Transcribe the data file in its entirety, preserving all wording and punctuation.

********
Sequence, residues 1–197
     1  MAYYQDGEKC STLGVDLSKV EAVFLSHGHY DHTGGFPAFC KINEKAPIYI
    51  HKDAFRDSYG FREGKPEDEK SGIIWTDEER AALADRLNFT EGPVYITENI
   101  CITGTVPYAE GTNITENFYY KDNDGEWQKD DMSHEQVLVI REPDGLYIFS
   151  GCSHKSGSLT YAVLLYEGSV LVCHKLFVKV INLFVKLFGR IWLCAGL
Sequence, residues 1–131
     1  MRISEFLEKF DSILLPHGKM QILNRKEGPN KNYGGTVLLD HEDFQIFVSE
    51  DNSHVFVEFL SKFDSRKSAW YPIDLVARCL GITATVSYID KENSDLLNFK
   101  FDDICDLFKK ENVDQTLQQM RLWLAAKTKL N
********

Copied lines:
Sequence, residues 1–197
     1  MAYYQDGEKC STLGVDLSKV EAVFLSHGHY DHTGGFPAFC KINEKAPIYI
    51  HKDAFRDSYG FREGKPEDEK SGIIWTDEER AALADRLNFT EGPVYITENI
   101  CITGTVPYAE GTNITENFYY KDNDGEWQKD DMSHEQVLVI REPDGLYIFS
   151  GCSHKSGSLT YAVLLYEGSV LVCHKLFVKV INLFVKLFGR IWLCAGL
Sequence, residues 1–131
     1  MRISEFLEKF DSILLPHGKM QILNRKEGPN KNYGGTVLLD HEDFQIFVSE
    51  DNSHVFVEFL SKFDSRKSAW YPIDLVARCL GITATVSYID KENSDLLNFK
   101  FDDICDLFKK ENVDQTLQQM RLWLAAKTKL N